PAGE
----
12.    Cutler N, Balicki M, Finkelstein M, Wang J, Gehlbach P, McGready J, et al. Auditory force feedback substitution improves surgical precision during simulated ophthalmic surgery. Invest Ophthalmol Vis Sci 2013;54:1316-24. doi: 10.1167/iovs.12-11136.

13.    Höllerer TH, Feiner SK. Mobile Augmented Reality. In: Karimi HA, Hammad A, eds. Telegeoinformatics: Location-Based Computing and Services. Florida, United States: CRC Press, 2004; pp 187-216.

14.    Kerr J, Lawson G. Augmented reality in design education: landscape architecture studies as AR experience. Int J Art Des Educ 2020;39:6-21. DOI: 10.1111/jade.1 2227

15.    Liu D, Bhagat KK, Gao Y,Chang T, Huang R. The potentials and trends of virtual reality in education. In: Liu D, Dede C, Huang R, Richards J, eds. Virtual, Augmented, and Mixed Realities in Education. Gateway East, Singapore: Springer, 2017; pp 105-30.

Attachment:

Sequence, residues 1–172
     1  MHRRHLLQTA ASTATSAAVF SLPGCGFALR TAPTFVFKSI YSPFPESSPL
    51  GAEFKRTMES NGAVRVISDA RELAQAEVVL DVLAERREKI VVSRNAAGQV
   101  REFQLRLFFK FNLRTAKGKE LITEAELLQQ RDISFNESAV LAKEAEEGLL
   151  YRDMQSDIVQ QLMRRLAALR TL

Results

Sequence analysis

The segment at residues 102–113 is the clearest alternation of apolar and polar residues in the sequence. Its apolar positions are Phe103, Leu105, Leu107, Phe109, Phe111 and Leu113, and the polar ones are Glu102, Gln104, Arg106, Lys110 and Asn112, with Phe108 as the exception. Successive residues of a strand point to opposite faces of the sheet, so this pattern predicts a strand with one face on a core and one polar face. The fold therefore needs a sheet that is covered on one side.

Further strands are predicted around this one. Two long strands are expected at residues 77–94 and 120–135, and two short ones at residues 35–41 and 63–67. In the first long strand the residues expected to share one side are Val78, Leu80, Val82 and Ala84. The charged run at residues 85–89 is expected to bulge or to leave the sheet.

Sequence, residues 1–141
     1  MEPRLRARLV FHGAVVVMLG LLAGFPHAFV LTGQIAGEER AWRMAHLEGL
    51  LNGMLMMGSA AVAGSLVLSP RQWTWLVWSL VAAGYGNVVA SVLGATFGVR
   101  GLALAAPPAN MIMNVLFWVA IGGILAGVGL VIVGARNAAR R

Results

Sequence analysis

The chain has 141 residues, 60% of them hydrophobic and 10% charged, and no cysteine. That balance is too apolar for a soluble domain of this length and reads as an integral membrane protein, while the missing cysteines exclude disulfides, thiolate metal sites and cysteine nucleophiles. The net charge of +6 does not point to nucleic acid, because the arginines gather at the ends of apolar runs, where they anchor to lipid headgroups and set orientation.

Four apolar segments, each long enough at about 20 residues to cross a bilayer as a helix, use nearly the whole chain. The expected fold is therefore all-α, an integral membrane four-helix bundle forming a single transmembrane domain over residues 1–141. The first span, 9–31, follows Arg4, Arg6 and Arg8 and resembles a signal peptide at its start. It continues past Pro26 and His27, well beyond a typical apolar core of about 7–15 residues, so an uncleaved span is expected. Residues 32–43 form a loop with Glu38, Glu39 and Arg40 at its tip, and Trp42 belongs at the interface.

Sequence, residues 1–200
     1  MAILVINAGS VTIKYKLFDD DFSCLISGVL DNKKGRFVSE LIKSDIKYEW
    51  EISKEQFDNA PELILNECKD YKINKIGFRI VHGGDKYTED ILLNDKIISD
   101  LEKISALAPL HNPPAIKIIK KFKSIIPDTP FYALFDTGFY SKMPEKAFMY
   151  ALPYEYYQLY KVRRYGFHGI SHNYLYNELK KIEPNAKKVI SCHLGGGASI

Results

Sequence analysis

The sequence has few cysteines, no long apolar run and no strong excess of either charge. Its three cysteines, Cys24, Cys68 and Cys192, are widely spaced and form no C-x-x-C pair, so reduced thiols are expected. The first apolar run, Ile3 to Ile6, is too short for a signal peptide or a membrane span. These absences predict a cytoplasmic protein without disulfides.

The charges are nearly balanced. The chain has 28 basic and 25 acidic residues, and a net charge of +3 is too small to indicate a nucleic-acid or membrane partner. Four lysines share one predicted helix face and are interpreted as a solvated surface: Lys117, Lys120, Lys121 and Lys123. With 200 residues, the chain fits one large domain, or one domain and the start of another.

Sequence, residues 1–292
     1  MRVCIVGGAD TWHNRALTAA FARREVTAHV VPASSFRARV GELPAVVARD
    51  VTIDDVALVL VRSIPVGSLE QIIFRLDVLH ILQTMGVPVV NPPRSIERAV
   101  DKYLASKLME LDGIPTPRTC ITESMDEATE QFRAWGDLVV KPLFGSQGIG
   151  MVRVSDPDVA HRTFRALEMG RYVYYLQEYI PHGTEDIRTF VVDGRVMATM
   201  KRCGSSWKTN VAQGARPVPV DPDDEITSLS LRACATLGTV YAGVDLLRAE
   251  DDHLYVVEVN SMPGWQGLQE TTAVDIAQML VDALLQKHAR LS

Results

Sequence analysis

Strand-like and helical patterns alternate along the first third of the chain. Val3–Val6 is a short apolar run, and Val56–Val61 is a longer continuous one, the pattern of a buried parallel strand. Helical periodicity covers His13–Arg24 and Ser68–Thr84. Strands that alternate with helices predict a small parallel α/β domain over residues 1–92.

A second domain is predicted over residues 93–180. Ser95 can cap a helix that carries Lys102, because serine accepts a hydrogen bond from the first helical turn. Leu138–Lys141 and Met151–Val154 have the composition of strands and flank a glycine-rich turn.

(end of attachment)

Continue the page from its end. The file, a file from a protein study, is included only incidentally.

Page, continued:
16.    Conati C, Gertner A, Vanlehn K. Using Bayesian networks to manage uncertainty in student modeling. User Model User-Adap Inter 2002;12:371-417. doi: 10.1023/A:1021258506583

17.    Chandrasekaran B, Cugati N, Kumaresan R. Dental Students' Perception and Anxiety Levels during their First Local Anesthetic Injection. Malays J Med Sci 2014;21:45-51.

18.    Won YJ, Kang SH. Application of augmented reality for inferior alveolar nerve block anesthesia: A technical note. J Dent Anesth Pain Med 2017;17:129-34. doi: 10.17245/jdapm.2017.17.2.129.

19.    Llena C, Folguera S, Forner L, Rodríguez-Lozano FJ. Implementation of augmented reality in operative dentistry learning. Eur J Dent Educ 2018;22:e122-30. doi: 10.1111/eje.12269.

20.    Touati R, Richert R, Millet C, Farges JC, Sailer I, Ducret M. Comparison of Two Innovative Strategies Using Augmented Reality for Communication in Aesthetic Dentistry: A Pilot Study. J Healthc Eng 2019;2019:e7019046. doi: 10.1155/2019/7019046.

21.    Vávra P, Roman J, Zonča P, Ihnát P, Němec M, Kumar J, et al. Recent Development of Augmented Reality in Surgery: A Review. J Healthc Eng 2017;2017:e4574172. doi: 10.1155/2017/4574172.

22.    Zollhöfer M, Thies J, Garrido P, Bradley D, Beeler T, Pérez P, et al. State of the art on monocular 3D face reconstruction, tracking, and applications. Eurographics 2018;37:523-50.